This is a pretty common mistake to make. People who criticise Justin (Janine?) Bieber then go on about how good KISS, or Motorhead, or Judas Priest, or My Chemical Romance were in comparison. Spoiler: These bands sucked, too. KISS were maybe the worst rock band of the eighties, maybe all time. Hell, I love David Bowie and would compare him favourably to any artist that has ever existed, including Justin (Jeanette?) Bieber. Does that mean that Justin Bieber’s “Believe” is worse than Bowie’s “Tin Machine”?
…No, it doesn’t. I can’t get over that, but it’s true. My music may not be better than anybody else’s. The difference is that I’m not comparing him to The Antichrist and fortelling the death of music.
4) You’re Getting Old And You’d Better Get Used To It, Dickface
It’s happening and you’re unable to grasp it, but you’re becoming irrelevant. Music is leaving you behind. You’re stuck in Nu Metal or Grunge, Hard Rock or Rock and Roll, and time is moving past you. You are standing still in the middle of a river. Your inability to “get with it” is a sign of how you’re not today’s youth any more. So you fervently complain that “music is getting worse” when really, Music just doesn’t care what you think any more. You’re not the target audience any more. You’re not the youth market. Your opinions are irrelevant.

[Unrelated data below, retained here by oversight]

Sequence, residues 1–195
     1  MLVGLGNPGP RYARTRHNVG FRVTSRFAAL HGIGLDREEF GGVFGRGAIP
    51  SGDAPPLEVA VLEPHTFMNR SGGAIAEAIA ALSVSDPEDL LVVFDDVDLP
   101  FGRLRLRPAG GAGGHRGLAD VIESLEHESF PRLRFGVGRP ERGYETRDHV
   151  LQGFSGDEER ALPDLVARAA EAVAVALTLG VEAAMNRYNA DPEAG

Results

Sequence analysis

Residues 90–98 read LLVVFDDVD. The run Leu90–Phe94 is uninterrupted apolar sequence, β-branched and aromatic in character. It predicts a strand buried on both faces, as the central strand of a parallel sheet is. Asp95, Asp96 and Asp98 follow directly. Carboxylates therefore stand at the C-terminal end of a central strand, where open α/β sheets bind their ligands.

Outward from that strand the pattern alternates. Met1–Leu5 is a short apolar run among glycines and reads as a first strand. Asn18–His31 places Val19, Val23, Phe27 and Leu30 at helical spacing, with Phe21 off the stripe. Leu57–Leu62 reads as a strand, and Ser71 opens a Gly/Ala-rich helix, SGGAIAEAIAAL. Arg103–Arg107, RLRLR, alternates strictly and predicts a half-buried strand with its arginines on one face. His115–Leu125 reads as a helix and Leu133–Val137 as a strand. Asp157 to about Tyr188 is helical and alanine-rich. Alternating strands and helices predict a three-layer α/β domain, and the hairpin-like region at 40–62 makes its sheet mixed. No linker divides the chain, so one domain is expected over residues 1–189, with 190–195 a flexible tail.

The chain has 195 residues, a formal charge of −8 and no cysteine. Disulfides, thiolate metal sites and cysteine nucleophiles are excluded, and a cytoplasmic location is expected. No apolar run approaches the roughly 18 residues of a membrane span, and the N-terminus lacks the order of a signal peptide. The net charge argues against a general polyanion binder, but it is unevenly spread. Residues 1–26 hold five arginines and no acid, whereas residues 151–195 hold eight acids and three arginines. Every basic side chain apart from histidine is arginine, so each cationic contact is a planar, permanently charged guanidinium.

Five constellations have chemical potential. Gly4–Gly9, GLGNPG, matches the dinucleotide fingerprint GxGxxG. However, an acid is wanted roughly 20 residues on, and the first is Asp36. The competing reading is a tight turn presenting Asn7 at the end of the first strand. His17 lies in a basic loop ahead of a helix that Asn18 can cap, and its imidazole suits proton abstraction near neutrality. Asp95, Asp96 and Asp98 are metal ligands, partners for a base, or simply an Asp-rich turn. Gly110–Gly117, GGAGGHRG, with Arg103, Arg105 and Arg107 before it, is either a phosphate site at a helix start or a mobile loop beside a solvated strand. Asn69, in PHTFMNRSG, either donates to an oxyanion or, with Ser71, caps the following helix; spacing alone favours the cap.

All that’s left for you is incontinence nappies and Werther’s Originals, you sad old man.  And nostalgia. The more nostalgia you’ve got, the more out of touch you are. It’s like the a law of the universe. So shut up about how your music is better, and stick to old people topics like how gay immigrant one-parent families are ruining this country.
5) Your Music Sucks Compared to Beethoven
No matter how old you are, no matter how devoted you are to one golden era, no matter how proud you are of your music taste, there was a guy who came before you, in whose presence you are not fit to cringe. He invented modern music and he’s disgusted with what your generation did with it.  If anybody’s got any right to say “music is getting worse”, it’s this guy. KNEEL BEFORE BEETHOVEN.
And try being a little less judgemental, too.
Enough, boobs! Here’s Belinda Stewart-Wilson again.

One response to “The Death Of Music

  1. I do not even know how I ended up here, but I thought this post was great. I do not know who you are but definitely you’re going to a famous blogger if you aren’t already 😉 Cheers!